From the perspective of someone external to the system the drafting of the rule looks OK, but that is only because of the uncertainty. This is an issue I will continue working on.


jonathanj said…
Oh rubbish! "In the particular matter..." The Smith case is one particular, the Jones case is a different one. No conflict, obviously.
Jaime Hamilton said…
The position that you adopt here about conflict is so spectacularly ill informed and contrary to (i) common sense and (ii) an ordinary construction of the English language that it defies belief. The conflict is not about having been instructed previously by one of the other parties, it is about a conflict in the particular matter. Those words are there for a reason. If the rule was that informed consent was needed if you had been instructed on behalf of the public body in the other side previously then that is all the rule would have to say. Yet it talks about conflict in the particular matter. Now, what is it that you identify as the conflict in a particular matter just by reason of the fact that I have previously been instructed by the CPS who now prosecute my current client?
John Hemming said…
Obviously we have a disagreement. I have contacted the BSB for clarification and will probably get in touch with the SRA at some stage.
C Richardson said…
A conflict of interest does not arise simply through the representation of one party.

Here is how I explain conflict to lay people as it can seem a little esoteric. The 'conflict' arises, certainly in the case of a solicitor, usually, through the operation of two core duties. The duty of confidentiality (i.e, the responsibility to keep any and all matters discussed with you by a client confidential) and the duty of disclosure (the duty to disclose all pertinent matters to a client to enable them to make informed decisions and give instructions). There are other duties which may conflict, like the duty not to mislead the court and the duty of confidentiality. (this is more often a part of the answer to the question, "how can you represent someone you know is guilty".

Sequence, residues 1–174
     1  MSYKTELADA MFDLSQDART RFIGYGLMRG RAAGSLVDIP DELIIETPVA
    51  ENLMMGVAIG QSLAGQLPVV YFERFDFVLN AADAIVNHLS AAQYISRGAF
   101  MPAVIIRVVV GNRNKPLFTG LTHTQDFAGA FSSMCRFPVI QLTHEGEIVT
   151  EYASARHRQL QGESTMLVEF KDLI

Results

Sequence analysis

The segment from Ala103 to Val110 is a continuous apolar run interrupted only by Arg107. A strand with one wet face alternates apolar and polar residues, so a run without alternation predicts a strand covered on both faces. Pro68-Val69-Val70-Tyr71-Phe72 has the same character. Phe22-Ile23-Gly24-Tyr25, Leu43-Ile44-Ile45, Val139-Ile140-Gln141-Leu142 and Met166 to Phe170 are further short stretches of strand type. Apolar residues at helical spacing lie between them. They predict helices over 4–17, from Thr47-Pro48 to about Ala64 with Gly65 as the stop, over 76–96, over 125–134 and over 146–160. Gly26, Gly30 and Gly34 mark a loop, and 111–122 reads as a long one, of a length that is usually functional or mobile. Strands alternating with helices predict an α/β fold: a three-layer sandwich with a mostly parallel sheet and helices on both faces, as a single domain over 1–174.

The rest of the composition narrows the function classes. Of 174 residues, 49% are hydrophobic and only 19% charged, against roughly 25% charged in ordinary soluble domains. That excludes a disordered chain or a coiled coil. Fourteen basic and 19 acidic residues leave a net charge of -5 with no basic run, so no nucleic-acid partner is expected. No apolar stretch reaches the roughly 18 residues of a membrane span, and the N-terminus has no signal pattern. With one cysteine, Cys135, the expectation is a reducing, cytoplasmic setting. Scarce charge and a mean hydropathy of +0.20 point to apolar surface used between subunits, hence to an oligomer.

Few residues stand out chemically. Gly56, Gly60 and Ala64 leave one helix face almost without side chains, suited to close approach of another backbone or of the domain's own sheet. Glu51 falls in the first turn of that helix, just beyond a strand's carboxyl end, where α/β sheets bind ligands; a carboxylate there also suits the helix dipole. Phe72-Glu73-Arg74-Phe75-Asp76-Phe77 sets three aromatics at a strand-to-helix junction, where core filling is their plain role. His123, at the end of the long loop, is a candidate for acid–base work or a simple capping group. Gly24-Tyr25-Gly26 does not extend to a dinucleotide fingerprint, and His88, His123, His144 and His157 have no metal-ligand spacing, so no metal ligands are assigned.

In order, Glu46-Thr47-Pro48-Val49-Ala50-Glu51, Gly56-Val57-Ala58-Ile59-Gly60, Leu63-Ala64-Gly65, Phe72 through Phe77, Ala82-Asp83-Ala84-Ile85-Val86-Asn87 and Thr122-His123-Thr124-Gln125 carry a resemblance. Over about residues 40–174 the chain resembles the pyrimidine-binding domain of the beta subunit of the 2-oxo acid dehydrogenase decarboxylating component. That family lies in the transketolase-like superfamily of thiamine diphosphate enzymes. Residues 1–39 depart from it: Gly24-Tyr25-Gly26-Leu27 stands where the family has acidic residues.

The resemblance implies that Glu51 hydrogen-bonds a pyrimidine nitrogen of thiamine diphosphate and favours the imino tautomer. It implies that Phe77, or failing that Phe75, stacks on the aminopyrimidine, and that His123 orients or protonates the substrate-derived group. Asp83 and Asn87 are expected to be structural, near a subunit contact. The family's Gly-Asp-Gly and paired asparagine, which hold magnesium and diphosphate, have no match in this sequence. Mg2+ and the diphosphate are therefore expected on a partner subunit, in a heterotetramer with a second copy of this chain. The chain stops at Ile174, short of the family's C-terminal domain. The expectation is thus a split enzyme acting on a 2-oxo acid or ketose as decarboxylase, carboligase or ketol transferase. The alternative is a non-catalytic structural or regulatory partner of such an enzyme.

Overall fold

If a solicitor or barrister represents Huntingdon in case X they will have information which is confidential to case X. If the information about case is X children is not pertinent to case Y there is no duty to disclose it in case Y and there is no conflict. Of course, it in the course of representing X I became aware of poor practice in, say, the actions of a social worker and the same social worker was assessing the children in Y, I can quite easily see a conflict arising and I would stop acting.

Any lawyer must be continually aware of the risk of conflict arising at the outset, during, and at the conclusion of a matter.

I would be quite happy to talk to you about it more, with regard to the SRA rules, if you would find it useful. In the alternative, you might like to contact the Ethics helpline which is operated by the Law Society
Jaime Hamilton said…
So, in summary, you were totally wrong. And now you have been told you are wrong (without explicitly accepting that what you were being told by everyone was right) your response is that the rule is wrong. You want the rule to say what you wanted it to say but did not.

A clear example of bias. And a clear example, perhaps, of a conflict of interest. Your bias prevents you viewing such things objectively.
Lucy Reed said…
I have written about this here :

In the interests of open discussion John I am sure you will publish the link to this alternative view on your comment thread so that people can make an informed decision about the topic before making decisions about their legal representation.